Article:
The salmon-coloured granite building was constructed in 1970 as the official palace for the Nepal royal family, but was turned into a museum a few months after the abolition of the Nepali monarch system. A visit here offers visitors a glimpse into how the royals lived and ruled the country, showcasing royal belongings including the diamond-studded crown and a 1939 Mercedes Benz that was a gift from Adolf Hitler to King Tribhuvan. The palace was also the scene of the Nepalese Royal Massacre in 2001.

8. Boudhanath Stupa

Dominating Nepal’s skyline, this centre of Tibetan culture in Kathmandu is the largest and one of the holiest stupas in the world. Built in the 14th century, it’s said to entomb the remains of Kassapa Buddha. When seen from above, the stupa looks like a giant mandala or diagram of the Buddhist cosmos. Today it remains an important place of pilgrimage and meditation for Tibetan Buddhists and local Nepalese, as well as a popular tourist site.

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9. Patan Durbar Square

Located about 5 km south of Kathmandu on the southern side of the Bagmati River, Patan is one of 3 royal cities in the valley. A destination for connoisseurs of fine arts, Patan is filled with wood and stone carvings, metal statues, ornate architecture, including dozens of Buddhist and Hindu temples, and over 1200 monuments. The city is known for its rich tradition of arts and handicrafts and as the birthplace of master craftsmen and artists such as Arniko and Kuber Singh.

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10. Kasthamandap temple

Built in the early 16th century by King Laxmi Narsingha Malla, it is said to be the oldest surviving structure in Kathmandu, and from which the city got its name. Interestingly, the structure of the 3-storey pagoda temple was built from wood from a single Sal tree. ‘Kath’ means wood and ‘Mandu’ means small area of human residence.

11. Garden of Dreams

This neo-classical historical garden was created in 1920 by the late Field Marshal Kaiser Shamsher Rana as a place to unwind, relax and enjoy the beautifully landscape. Paved pathways along various perfectly-manicured trees, blossoming flowers, romantic pavilions, lively birdhouses and interesting trellises lead the way to the big pond at the centre.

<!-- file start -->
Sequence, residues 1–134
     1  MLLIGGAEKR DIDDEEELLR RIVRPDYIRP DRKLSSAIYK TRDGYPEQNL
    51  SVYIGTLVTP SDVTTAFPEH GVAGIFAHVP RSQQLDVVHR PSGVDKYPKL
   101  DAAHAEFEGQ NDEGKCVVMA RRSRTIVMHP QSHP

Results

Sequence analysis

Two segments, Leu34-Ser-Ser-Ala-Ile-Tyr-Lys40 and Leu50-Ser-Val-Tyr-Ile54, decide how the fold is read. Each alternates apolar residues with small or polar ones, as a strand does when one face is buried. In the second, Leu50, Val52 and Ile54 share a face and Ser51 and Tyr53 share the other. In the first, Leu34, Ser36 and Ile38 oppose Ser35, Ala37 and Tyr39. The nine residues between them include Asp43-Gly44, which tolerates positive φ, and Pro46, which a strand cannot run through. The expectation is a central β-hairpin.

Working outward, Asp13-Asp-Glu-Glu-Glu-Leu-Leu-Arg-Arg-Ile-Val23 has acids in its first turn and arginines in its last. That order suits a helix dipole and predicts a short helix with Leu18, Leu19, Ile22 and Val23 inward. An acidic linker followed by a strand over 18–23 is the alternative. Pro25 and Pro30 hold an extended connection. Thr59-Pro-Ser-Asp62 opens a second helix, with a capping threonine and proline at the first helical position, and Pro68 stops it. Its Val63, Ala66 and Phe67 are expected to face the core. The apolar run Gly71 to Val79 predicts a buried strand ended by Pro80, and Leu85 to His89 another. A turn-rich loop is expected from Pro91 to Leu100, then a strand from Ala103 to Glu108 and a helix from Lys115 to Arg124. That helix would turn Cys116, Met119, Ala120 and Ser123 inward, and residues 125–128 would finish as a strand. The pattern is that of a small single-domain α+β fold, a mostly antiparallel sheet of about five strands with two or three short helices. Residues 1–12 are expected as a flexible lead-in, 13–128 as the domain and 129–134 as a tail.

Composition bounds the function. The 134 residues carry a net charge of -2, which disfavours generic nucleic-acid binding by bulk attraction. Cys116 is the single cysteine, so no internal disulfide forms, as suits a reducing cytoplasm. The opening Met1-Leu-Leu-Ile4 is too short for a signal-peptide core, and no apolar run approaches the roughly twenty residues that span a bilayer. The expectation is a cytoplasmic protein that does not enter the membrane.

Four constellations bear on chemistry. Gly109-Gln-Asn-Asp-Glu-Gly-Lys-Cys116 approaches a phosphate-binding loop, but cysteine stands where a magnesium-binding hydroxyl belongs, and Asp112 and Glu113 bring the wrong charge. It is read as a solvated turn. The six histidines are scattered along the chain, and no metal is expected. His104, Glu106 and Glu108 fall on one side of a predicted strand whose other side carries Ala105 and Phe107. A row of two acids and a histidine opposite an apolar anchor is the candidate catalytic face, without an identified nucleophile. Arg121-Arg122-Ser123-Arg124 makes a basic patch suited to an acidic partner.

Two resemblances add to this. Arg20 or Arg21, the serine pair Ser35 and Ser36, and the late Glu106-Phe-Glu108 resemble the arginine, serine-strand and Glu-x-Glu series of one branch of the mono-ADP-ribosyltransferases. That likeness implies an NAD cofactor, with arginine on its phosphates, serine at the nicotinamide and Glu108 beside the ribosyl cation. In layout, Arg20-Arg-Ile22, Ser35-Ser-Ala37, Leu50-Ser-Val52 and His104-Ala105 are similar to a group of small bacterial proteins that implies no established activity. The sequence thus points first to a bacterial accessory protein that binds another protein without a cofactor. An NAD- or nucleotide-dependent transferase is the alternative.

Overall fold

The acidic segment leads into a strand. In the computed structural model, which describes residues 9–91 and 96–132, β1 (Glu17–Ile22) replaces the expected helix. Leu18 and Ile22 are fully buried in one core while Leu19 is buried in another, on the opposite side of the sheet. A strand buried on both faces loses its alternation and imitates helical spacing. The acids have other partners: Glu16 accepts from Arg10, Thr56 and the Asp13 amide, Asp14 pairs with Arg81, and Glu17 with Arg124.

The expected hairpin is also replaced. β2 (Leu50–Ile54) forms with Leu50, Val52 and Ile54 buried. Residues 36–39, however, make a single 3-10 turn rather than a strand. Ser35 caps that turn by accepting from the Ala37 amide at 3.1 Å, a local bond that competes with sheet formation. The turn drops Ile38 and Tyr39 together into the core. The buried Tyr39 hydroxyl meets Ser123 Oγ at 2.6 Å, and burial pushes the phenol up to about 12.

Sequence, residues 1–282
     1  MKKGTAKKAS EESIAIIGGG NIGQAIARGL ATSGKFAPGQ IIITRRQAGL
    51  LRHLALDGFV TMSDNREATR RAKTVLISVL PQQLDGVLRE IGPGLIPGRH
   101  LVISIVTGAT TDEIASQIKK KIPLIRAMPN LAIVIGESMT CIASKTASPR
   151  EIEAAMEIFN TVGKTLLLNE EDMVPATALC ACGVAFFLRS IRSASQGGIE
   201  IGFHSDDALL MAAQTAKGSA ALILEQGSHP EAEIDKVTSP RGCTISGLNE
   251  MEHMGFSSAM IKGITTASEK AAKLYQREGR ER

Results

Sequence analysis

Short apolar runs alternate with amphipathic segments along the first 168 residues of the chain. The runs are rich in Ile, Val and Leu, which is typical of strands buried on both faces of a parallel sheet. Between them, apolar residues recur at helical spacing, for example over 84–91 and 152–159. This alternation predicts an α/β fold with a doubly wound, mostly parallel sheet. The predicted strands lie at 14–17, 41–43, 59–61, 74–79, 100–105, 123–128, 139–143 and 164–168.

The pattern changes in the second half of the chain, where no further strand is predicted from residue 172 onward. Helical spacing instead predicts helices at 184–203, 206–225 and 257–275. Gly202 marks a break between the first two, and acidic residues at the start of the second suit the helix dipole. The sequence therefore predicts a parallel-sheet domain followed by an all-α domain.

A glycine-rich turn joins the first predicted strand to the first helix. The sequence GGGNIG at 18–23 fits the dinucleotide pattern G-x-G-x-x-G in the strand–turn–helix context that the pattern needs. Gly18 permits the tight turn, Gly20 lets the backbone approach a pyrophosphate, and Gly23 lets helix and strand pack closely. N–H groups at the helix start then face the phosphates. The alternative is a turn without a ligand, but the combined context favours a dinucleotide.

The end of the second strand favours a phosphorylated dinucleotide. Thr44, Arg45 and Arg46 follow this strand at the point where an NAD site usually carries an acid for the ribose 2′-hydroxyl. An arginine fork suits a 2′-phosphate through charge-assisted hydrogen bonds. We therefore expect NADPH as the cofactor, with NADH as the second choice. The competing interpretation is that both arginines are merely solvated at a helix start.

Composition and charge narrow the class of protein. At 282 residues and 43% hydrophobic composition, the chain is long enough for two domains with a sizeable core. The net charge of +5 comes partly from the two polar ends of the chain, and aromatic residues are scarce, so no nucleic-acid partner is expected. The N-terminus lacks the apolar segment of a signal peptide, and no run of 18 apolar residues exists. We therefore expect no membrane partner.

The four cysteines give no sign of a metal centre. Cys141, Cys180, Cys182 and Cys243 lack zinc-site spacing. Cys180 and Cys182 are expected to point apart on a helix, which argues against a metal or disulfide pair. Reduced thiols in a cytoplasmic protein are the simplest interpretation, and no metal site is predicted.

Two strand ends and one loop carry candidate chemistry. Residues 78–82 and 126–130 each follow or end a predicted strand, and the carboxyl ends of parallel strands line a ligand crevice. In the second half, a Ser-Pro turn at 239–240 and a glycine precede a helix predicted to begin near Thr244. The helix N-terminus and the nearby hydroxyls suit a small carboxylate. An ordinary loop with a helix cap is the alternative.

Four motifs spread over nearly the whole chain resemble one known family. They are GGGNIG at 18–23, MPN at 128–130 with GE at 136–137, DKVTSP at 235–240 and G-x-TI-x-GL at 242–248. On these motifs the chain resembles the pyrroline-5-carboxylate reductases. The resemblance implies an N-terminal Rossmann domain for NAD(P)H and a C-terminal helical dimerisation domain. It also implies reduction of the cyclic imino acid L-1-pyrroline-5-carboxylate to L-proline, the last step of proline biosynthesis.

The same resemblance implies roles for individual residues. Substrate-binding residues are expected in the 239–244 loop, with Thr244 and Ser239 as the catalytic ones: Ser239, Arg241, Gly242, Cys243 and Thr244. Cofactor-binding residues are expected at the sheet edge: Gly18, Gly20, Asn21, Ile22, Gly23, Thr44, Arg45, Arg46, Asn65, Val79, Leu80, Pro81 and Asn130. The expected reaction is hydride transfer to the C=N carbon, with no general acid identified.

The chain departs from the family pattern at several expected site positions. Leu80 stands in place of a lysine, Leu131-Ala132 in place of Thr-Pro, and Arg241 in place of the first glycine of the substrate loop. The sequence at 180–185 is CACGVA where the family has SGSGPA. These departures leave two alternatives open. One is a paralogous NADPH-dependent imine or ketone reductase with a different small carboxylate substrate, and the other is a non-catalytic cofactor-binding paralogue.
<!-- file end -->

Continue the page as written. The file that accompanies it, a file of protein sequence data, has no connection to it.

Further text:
12. Bhaktapur Durbar Square

Located about 20 km east of Kathmandu in the Kathmandu Valley, Bhaktapur is known as the ‘City of Devotees’, the ‘City of Culture’, the ‘Living Heritage’, and ‘Nepal’s Cultural Gem’, dotted with pagodas and religious shrines. The city is filled with monuments, most terra-cotta with carved wood columns, palaces and temples with elaborate carvings, gilded roofs and open courtyards.

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13. Nagarkot

Thickly vegetated hills, lush green valleys, authentic villages, welcoming hospitality and breathtaking Himalayan views await you in Nagarkot, the premiere Hill Station on the Kathmandu Valley Rim. Situated above the Kathmandu Valley to the north of the city at an altitude of 2300 meter, this quaint Hill Station is the ideal place to enjoy the fresh air, soak up the mountain views and discover Nepal’s rich rural culture.

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14. Lumbini

Lumbini is the birth place of Lord Buddha, located 285 km south-west of Kathmandu. Within the popular sacred garden is where one will find the Maya Devi temple depicting the birth of Lord Buddha, Ashoka Pillar pinpointing the birth place of Buddha and Shakya Tank where Maya Devi, the mother of Lord Buddha, is supposed to have taken a dip before bringing forth the baby. Around this holy site, there are remnants of Monasteries and Chaityas built over the centuries following Buddha’s birth in 632 BC.

15. Chitwan National Park

Camp out under the moonlight or stay at one of the lodges, come and embrace nature at Nepal’s first national park, awarded UNESCO World Heritage Site in 1984. Trek the jungle safari to see the amazing flora and fauna, tour around the villages on a pony rickshaw or ox cart, watch the enchanting local native dances while enjoying an authentic Nepali dinner, plus a whole load of other activities that make for an amazing nature holiday.